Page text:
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Brooklyn Esplanade greenways
Rendering: courtesy of NYC Parks

See NYC's plans for brand-new greenways in Brooklyn and Queens

It could mean improvements to 20 miles of quality open space!

Shaye Weaver
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Shaye Weaver
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New York City is about to get even greener.

NYC Parks and the DOT announced this week that they've identified gaps in existing greenway routes and have found ways to improve them so that New Yorkers can easily travel across the boroughs and enjoy more outdoor space.

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The city's "The Destination: Greenways!" study found key areas in Central Queens and along Brooklyn’s southwest shoreline that could be connected to existing fragmented greenway segments, improving about 20 miles of quality open space. Right now, there are more than 150 miles of greenways throughout the city.

In Queens, the plan integrates greenway routes into neighborhoods that have been historically disconnected from each other—the route from Flushing Meadows Corona Park through Kissena Park, Cunningham Park, Alley Pond Park and Joe Michaels Mile.

In Brooklyn, the route improves access to the waterfront, following Shore Parkway from Leif Erikson Park to Coney Island.

Once connected, these greenways would make it much easier to get around the city via bike and walking.

Queen greenways
Rendering: courtesy of NYC Parks

"With cycling continuing to boom, Destination: Greenways! serves as a blueprint for exciting improvements to the city’s greenway routes and connections," said NYC DOT Commissioner Ydanis Rodriguez. "We look forward to continuing working closely with the Parks Department and community members to meet the City’s goal of improving cycling infrastructure."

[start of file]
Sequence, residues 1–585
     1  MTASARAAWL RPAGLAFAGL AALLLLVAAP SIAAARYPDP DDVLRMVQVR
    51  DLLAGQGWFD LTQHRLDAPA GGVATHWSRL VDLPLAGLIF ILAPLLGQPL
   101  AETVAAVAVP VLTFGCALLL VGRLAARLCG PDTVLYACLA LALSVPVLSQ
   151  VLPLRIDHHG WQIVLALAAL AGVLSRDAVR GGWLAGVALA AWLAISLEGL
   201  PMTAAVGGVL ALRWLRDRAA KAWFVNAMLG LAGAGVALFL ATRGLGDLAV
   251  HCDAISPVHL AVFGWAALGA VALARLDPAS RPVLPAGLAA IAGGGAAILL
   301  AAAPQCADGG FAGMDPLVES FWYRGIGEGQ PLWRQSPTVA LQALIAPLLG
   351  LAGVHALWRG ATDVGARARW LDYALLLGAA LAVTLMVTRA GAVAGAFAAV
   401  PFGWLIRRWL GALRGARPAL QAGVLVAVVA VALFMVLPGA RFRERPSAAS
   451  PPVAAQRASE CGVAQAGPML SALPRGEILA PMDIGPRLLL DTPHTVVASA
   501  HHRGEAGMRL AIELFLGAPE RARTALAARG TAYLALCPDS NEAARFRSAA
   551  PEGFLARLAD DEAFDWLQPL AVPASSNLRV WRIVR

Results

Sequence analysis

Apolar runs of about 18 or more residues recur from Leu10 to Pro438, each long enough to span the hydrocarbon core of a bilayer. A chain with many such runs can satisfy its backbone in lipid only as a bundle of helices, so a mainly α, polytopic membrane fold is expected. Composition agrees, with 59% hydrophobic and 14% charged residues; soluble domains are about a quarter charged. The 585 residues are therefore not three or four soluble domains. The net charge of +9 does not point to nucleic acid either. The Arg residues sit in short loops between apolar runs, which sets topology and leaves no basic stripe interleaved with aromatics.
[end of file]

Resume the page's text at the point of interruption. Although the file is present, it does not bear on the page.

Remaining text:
New York State Senator Andrew Gounardes says that the waterfront along Shore Road in southern Brooklyn "should be the crown jewel of our borough."

"I'm thrilled that we are finally taking concrete steps to invest and dream big to make this outer borough connection first class," he said. "Ensuring Brooklyners have access to greenways is key to helping our borough increase street safety and transportation accessibility. I am excited to see what the visioning process has dreamed up and look forward to helping make this a reality."

The next step, now that the studies are done, NYC Parks will host virtual meetings to report back to the community on their results starting this week:

Queens Virtual Meeting on Tuesday, February 8 at 6:30pm
Join via Zoom/Phone: +1 929-205-6099, Meeting ID: 813 3190 6760

Brooklyn Virtual Meeting on Tuesday, February 15 at 6:30pm
Join via Zoom/Phone: +1 929-205-6099, Meeting ID: 839 8880 5621 

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